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Publication

Acoustic and Netting Surveys of Western Ozark Highlands Bats with Habitat Suitability Models for Three Threatened and Endangered Species

Ritchie, Anna Rachel
Abstract
Bats in the United States and Canada are experiencing major population declines because of white-nose syndrome (WNS), a fungal disease that kills bats hibernating in caves. First discovered in New York in 2006, WNS has rapidly spread south and west across the United States. Camp Gruber Training Center (CGTC) is a United States National Guard training facility in Muskogee County, Oklahoma. Muskogee County is adjacent to three counties that are suspect for WNS infection as of 2017. I performed acoustic and mist net surveys at CGTC to determine composition of the chiropteran community of the area and if bats in Muskogee County have been exposed to WNS by looking for characteristic damage on wing membranes. Acoustic and mist net surveys determined that the bat community of CGTC is likely dominated by non-endangered species that have not suffered high mortality from white-nose syndrome (Nycticeius humeralis and Lasiurus borealis). There are at least 2 species that occur rarely within CGTC that are federally endangered (Myotis grisescens and Myotis sodalis) that, along with the non-endangered Perimyotis subflavus, have been known to contract WNS. I found no evidence of WNS symptoms on the bats of CGTC as of summer 2017. I used maximum entropy species distribution modeling (Maxent) to create habitat suitability models for three species that occur in the Ozark Highlands around CGTC, Myotis grisescens (endangered), M. septentrionalis (threatened), and M. sodalis (endangered). These models help explain the community composition of CGTC by revealing habitat preferences of these species and may suggest future range expansions or possible locations of unknown colonies for all three species. I also found that M. septentrionalis and M. sodalis are highly similar in their habitat preferences, supporting the United States Fish and Wildlife Service decision to combine summer survey guidelines for these species.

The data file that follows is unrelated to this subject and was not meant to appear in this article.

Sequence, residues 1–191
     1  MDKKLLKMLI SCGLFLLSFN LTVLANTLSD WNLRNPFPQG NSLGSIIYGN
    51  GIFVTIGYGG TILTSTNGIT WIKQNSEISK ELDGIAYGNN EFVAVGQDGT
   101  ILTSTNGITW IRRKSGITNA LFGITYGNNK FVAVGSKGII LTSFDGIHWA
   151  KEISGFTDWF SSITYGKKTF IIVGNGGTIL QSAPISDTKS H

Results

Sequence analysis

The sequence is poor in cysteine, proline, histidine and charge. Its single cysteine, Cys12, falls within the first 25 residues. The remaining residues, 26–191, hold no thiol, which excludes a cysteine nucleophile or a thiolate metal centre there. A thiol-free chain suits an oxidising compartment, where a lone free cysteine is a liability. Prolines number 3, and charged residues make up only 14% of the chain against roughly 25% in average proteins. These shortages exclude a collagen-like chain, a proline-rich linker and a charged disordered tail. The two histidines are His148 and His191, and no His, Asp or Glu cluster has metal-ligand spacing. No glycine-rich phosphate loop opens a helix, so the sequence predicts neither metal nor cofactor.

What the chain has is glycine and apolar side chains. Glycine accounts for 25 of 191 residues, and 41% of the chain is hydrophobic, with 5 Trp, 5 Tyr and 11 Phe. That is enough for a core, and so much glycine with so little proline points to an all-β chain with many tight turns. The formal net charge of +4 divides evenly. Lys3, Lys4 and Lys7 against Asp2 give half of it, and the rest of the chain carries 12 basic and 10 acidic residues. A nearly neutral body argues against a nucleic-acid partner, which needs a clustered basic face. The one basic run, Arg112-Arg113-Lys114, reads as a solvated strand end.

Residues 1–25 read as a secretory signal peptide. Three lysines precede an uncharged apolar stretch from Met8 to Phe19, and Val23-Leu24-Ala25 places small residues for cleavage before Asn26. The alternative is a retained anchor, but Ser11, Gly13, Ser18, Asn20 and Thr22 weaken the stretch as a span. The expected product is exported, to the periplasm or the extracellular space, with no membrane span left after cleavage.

Date
2017-12-01
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